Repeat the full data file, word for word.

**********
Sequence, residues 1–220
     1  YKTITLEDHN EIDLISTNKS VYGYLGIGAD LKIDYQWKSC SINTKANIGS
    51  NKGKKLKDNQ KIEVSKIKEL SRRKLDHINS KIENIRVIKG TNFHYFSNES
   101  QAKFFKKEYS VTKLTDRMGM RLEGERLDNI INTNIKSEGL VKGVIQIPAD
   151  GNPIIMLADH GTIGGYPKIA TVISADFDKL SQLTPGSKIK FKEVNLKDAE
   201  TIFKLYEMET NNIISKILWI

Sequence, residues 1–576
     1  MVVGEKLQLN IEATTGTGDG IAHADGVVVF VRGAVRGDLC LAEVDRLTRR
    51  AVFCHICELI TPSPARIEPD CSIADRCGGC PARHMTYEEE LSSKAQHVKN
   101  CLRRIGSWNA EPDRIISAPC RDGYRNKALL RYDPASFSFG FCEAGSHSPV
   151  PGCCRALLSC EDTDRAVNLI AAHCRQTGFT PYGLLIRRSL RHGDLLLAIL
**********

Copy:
Sequence, residues 1–220
     1  YKTITLEDHN EIDLISTNKS VYGYLGIGAD LKIDYQWKSC SINTKANIGS
    51  NKGKKLKDNQ KIEVSKIKEL SRRKLDHINS KIENIRVIKG TNFHYFSNES
   101  QAKFFKKEYS VTKLTDRMGM RLEGERLDNI INTNIKSEGL VKGVIQIPAD
   151  GNPIIMLADH GTIGGYPKIA TVISADFDKL SQLTPGSKIK FKEVNLKDAE
   201  TIFKLYEMET NNIISKILWI

Sequence, residues 1–576
     1  MVVGEKLQLN IEATTGTGDG IAHADGVVVF VRGAVRGDLC LAEVDRLTRR
    51  AVFCHICELI TPSPARIEPD CSIADRCGGC PARHMTYEEE LSSKAQHVKN
   101  CLRRIGSWNA EPDRIISAPC RDGYRNKALL RYDPASFSFG FCEAGSHSPV
   151  PGCCRALLSC EDTDRAVNLI AAHCRQTGFT PYGLLIRRSL RHGDLLLAIL